by John van Wyhe
Anon, [Review of] George Combe's A System of Phrenology. (3rd ed.) from: The Medico-Chirurgical Review, and Journal of Practical Medicine, new series, vol.14, April 1, 1831, ed., James Johnson. pp. 321-2.
1831] COMBE'S PHRENOLOGY 321
"Res non verba quæro."
OBSERVING the great increase of phrenologists yearly, and the extraordinary diffusion of their, doctrines, we naturally conclude that the charge must be unjust, which represents phrenology its a deceptive system, contaminated with an excess of folly, mischief, and irreligion : analogy and experience, history and philosophy, abound with evidences of the improbability- that very many intelligent, upright, and learned persons should become infatuated as to approve the tenets of such it system : entertaining this sentiment, therefore, we have more than once* endeavoured to procure, for the phrenological doctrines, a fair hearing and judgment.
Dr. Gall discovered phrenology: Dr. Spurzheim improved it vastly: Mr. Combe has matured it; and in his "System" its principles maintain the precision and dignity of pure inductive science: every page of his elaborate and instructive work, indeed, exhibits the admirable features of a mind evidently powerful, discriminative, and just.
We have said heretofore, and we now repeat deliberately, our entire persuasion, that phrenology includes not a few subjects most worthy of contemplation and research for the medical philosopher : it reveals very beautifully many of the mysterious re-actions of body and mind, in health and disease. Beyond all others, the medical observer enjoys frequent and valuable opportunities of ascertaining the exactness of the phrenological proposition that the brain constitutes a system of distinguishable organs, every ONE of which, as a material instrument, co-exists, and co-operates, with a determinate ONE of the mind's aggregated faculties ; and that, consequently from structural or functional lesion, of one, some, or several of the cerebral organs, the MANIFESTATIONS of one, some, or several of the correlative mental faculties, may be deranged, and thus originate modifications of insanity. Now, were it for no higher object that that of gaining a mere speculative accomplishment, we should essay to cultivate a knowledge of the mind's faculties and the organ proper to each of them in the brain, according to their specific distinctions in phrenology, (for, like other sciences, this cannot be tried fairly except by its own laws,) so as, with this knowledge, we may be enabled to mark the altered manifestations of faculties in disease and insanity, and to ascertain the condition of corresponding organs as this shall be revealed by necrotomical investigation. Numerous and diversified observations, in this way, will prove or disprove the phrenological doctrine, promote a true mental philosophy, and intro-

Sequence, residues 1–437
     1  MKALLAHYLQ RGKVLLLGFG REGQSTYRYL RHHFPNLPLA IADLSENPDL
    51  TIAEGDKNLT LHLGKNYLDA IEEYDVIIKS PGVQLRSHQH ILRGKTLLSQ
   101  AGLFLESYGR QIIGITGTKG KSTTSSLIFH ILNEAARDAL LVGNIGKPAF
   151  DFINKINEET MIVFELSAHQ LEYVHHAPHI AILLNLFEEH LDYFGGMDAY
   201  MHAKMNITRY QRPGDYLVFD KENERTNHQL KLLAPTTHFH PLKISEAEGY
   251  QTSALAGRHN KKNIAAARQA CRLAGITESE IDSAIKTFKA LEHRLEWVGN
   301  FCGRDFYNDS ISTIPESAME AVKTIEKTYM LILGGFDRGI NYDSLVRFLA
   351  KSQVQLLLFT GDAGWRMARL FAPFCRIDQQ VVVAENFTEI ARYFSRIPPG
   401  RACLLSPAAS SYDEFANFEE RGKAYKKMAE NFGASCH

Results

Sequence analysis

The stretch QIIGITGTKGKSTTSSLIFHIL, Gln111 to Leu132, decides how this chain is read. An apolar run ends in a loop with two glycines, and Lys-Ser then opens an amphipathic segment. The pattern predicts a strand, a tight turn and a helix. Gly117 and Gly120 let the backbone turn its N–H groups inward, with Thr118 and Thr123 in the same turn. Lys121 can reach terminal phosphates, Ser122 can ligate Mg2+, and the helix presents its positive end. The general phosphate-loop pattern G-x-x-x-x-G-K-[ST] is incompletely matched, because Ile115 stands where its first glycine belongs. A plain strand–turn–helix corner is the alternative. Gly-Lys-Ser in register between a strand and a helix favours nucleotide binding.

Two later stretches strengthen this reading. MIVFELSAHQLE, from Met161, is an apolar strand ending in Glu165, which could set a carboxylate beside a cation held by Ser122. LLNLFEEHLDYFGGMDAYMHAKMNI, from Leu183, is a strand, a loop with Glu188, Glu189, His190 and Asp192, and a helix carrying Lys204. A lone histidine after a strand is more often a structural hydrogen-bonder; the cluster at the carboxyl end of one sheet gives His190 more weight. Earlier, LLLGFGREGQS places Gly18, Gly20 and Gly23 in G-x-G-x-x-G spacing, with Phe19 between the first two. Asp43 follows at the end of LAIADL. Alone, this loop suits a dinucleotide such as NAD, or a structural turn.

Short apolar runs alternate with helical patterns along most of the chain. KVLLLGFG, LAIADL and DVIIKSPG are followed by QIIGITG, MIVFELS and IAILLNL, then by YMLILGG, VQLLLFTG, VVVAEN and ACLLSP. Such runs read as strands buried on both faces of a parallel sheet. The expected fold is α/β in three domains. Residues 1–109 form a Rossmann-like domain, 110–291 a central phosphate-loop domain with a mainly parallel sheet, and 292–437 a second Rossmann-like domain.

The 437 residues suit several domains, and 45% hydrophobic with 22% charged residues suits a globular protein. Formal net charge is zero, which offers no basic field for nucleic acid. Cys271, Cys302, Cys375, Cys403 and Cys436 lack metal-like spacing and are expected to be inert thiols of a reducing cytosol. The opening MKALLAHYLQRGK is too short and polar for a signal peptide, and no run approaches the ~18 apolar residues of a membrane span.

* Med. Chirurg. Review, March, 1823 ; March, 1824; and October, 1826.
No. XXVIII. FASCIC. 1. Y
322 MEDICO-CHIRURGICAL REVIEW. [April 1
duce greater precision into the details of cerebral anatomy, physiology, and pathology.
Mr. Combe, in all his writings, discusses the questions having relation to the phrenological science, in a manner unusually explicit and generous: he distinguishes its principles also with illustrations and evidences unusually appropriate and conclusive. On this occasion, we are not required to examine anew his doctrines, and their inherent tendency to facilitate education, metaphysics, morals, and legislation : nevertheless, we may particularize-as subjects adapted to enlighten medical students-his sections on plurality of the mental faculties and their organs-size of organs, their health, exercise temperament and disease-functions of the nerves and spinal marrow-the brain, cerebellum, and skull-integuments of the brain-bones of the skull-frontal sinus-length, breadth, and forms of the cerebral organs-brains of the lower animals-national character and development of brain-materialism-and injuries of the brain-all of which subjects are elucidated with an impressive and perspicuous eloquence, every-way dissimilar from the vapouring of those sciolists who, with the blaze of fancy, obscure the brilliancy of TRUTH.
Such, then, being the character of Mr. Combe's philosophy, and such the topics in his "System" for which we solicit the regard of our profession, we would say emphatically to the medical inquirer desirous of investigating the relations of man's organic and mental natures-bring with you a mind clear from all preconceptions and hypothetical notions; extricated from the debasing trammels of authority ; unblighted by the poison of prejudice: never impute error to doctrines you have not taken the means to understand; never seek to repel the validity of inductions you yourself do not know to be defective, and never question the accuracy of experiments you have not repeated and found to be inexact : while occupied with the examination of notional or demonstrable questions, weigh your thoughts well ; scan all arguments with composure and manliness ; consider deeply in what degree your ultimate sentiments may influence truth ; and never, never contend exclusively in a discussion for the victory ; whoever has, at any time, suffered himself to be so bewildered by the tumult of headlong or ambitious emotion, as to enjoy the vain-glory of triumphing in a speculative wrangle, has as certainly been doomed, in after-days to endure the bitterness of repentance for having been the means of darkening counsel by words without knowledge : finally, in the exercise of reflection and judgement, maintain that mental and moral liberty which the CREATOR destined to be the high distinction of our race ; with himself rests the cause when, in thought and action, man is most free-free as the billows of the great ocean, unfettered as the lightning of the sky.
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